At bicycle gatherings over the past few years, I’ve attended discussions about building an inclusive movement, engaging more diverse communities in our work. We’ve started the sometimes difficult but absolutely critical conversation about race, class and bicycle advocacy.
But it’s not just about who’s at the table when decisions are made about our streets. It’s also about who’s engaged and how we’re doing our work within bicycle advocacy organizations themselves.
That’s why Hamzat and I went to the Facing Race conference last week. We know the League has a lot to learn.
Organized by the Applied Research Center — which addresses racial justice though media, research and leadership development — this national conference brought more than 1,400 people from the public, private and nonprofit sectors to Baltimore to learn how we can address social justice in our diverse work to build better communities.
Now, addressing racial inequity can be an uncomfortable topic, and, in my experience, that unease can push the conversation to the backburner as we scramble to fight the day-to-day fires of grassroots advocacy. So for the first session I went to a panel on “Changing the Conversation on Race.” Right away, Maya Wiley, founder of the Center for Social Inclusion, made a great distinction about how we even approach conversations about engaging diverse communities.
In many cases, “we’re conflating racism with race,” she said. “If you start with racism, people feel like you’re accusing them of being really bad people. But the vast majority of Americans consciously believe that racism is bad. What they don’t always necessarily see, in a visual way, is how there is structural racial inequity. That doesn’t require bad actors. We want to get at the structural underpinnings — how even when institutions operate race neutrally, they may be reinforcing inequity that continues to exclude communities of color.”
Rinku Sen, ARC’s executive director, took that explanation a step further, explaining that there’s a difference between diversity and equity. Think of it like a party, she said. If she’s invited to a gathering, sure, it adds diversity. “But if I get to the party and the music doesn’t suit me and there’s no way for me to change the music, then I’m not going to stay at that party very long… Diversity is about getting bodies into the room; equity is about what people are able to do once they’re in the room. Diversity can get people to come to the meeting, but, without equity, they won’t necessarily pay any attention to what you say. Diversity is a good start, but equity is the real prize.”
That’s certainly a key point to remember as we work to broaden the number of folks at our growing bike party: Not just opening the door but getting everyone’s input on the playlist.
In many cases, that kind of change isn’t just about shifting folks’ personal beliefs. Perhaps even more importantly, it’s about creating policy, too. “Policy is a fundamental way in which we change attitudes,” Wiley said. “What takes attitude change to scale is changing the policies that continue to drive the decisions.”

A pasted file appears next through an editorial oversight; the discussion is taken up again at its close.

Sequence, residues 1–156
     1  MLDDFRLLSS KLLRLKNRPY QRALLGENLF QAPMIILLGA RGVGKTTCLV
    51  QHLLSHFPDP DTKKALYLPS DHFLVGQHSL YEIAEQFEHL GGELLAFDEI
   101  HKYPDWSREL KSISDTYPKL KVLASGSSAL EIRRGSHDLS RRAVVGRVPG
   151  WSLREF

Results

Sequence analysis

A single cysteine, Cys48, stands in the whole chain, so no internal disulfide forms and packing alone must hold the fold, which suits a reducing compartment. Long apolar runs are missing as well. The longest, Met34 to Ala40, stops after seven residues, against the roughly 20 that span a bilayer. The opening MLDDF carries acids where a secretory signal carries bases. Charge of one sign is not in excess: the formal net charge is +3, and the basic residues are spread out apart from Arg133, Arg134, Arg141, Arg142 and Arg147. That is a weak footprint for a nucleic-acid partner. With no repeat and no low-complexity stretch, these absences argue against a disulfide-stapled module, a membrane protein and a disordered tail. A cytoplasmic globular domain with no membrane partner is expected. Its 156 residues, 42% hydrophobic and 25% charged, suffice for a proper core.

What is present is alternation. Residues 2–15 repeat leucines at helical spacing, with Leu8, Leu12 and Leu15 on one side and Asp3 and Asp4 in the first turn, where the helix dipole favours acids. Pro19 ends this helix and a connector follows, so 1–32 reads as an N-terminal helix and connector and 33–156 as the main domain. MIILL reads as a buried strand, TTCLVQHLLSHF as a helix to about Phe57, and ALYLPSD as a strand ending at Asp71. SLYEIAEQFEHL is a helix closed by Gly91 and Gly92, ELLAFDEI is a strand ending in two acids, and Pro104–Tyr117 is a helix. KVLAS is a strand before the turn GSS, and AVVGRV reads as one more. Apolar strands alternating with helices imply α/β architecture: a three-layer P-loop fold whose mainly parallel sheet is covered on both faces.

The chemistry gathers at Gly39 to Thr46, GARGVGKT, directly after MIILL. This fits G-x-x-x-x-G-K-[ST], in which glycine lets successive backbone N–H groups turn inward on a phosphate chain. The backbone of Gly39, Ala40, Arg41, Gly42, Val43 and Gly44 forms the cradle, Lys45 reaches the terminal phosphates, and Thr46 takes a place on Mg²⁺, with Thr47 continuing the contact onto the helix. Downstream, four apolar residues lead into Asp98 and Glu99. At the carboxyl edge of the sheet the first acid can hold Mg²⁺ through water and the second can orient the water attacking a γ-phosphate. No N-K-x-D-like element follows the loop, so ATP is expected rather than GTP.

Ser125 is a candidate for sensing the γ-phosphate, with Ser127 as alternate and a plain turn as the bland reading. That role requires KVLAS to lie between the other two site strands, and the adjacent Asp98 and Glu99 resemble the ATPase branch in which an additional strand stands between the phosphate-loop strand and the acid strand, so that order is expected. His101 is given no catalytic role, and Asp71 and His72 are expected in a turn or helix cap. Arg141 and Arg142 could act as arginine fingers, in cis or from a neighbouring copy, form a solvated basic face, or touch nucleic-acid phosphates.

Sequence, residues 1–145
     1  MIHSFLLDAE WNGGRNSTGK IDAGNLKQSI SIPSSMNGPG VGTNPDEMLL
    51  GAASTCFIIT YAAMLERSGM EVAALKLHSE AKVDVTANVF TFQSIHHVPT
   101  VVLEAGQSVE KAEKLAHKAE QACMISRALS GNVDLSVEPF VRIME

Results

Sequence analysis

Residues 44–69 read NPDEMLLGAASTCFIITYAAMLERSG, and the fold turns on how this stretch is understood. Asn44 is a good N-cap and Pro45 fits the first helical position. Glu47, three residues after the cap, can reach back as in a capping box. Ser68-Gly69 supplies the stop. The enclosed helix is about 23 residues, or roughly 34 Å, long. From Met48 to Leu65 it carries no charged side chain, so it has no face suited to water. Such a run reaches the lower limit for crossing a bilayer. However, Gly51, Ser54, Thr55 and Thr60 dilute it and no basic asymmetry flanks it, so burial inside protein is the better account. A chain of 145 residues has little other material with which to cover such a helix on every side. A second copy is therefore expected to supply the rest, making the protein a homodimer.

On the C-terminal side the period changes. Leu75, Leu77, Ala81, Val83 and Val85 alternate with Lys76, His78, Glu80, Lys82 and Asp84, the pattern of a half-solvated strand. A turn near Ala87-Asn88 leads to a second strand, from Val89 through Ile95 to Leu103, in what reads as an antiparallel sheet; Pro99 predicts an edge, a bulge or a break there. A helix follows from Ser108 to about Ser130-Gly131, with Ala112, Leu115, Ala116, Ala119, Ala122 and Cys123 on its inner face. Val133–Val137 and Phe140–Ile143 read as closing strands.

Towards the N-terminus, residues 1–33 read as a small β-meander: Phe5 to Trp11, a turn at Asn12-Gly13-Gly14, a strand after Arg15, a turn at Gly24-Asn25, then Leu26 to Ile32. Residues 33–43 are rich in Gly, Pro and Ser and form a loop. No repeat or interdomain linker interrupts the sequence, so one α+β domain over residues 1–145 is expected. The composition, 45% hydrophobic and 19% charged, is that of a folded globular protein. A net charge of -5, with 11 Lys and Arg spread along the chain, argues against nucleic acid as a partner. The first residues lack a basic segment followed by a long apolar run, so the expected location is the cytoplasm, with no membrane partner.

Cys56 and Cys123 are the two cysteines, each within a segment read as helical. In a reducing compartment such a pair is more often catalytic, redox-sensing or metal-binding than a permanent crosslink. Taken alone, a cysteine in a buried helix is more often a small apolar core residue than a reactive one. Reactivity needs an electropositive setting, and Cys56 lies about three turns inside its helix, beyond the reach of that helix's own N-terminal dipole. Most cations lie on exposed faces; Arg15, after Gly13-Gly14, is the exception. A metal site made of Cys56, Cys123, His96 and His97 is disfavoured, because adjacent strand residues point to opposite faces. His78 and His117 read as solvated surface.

Certainly, bike advocates know plenty about the power of public policy — we all work for good laws and funding criteria that lead to better streets for bicyclists. Many organizations and coalitions — like the Community Cycling Center in Portland; City of Lights in Los Angeles; and Local Spokes in New York City — are extending the circle of stakeholders, making sure city leaders hear the voices and needs of day laborers, refugees, low-income people and communities of color.
Especially in tough economic times, Milley Hawk Daniels, from PolicyLink, said her organization emphasizes: “Equity is a superior growth model.” And that’s more than a catchphrase. To help advocates, across a range of issues, advance equity in their campaigns, PolicyLink produced a guide called “GEARs: Getting Equity Advocacy Results.” The resource charts, step by step, the benchmarks, frameworks, and tools for measuring progress in equity efforts for policy change; click here to download.
But policy isn’t just the domain of our city council and members of Congress. Advocacy organizations and clubs create norms and standards, too. That’s why I was particularly interested in the “Internalizing Racial Equity Institutionally” session, which addressed how the policies in our employee handbooks and the overall culture of our nonprofits can make or break our efforts at inclusion.
Gita Gultanti-Partee, of Open Source Leadership Strategies, framed the issue succinctly. “We’re all hoping to be agents of change, but we’re also units of change,” she said. “How can we embody the change we wish to see?”
We spent the better part of two hours exploring that complex question — and many others. How do decisions get made in your organization? How do resources get distributed? How does someone become a leader? As Maggie Potapchuk, of MP Associates, pointed out “If we’re not intentional or explicit, we’ll constantly go to the default — recreating and embodying the same power dynamics we want to change.”
I can’t share the assessment tool we used because it’s still in development, but I can say the interactive session definitely got me thinking. Check out the resourcesoffered by Potapchuk and Gultantee-Partee to start an inquiry into your organization’s culture and process.
… And stay tuned for more insight from the conference tomorrow!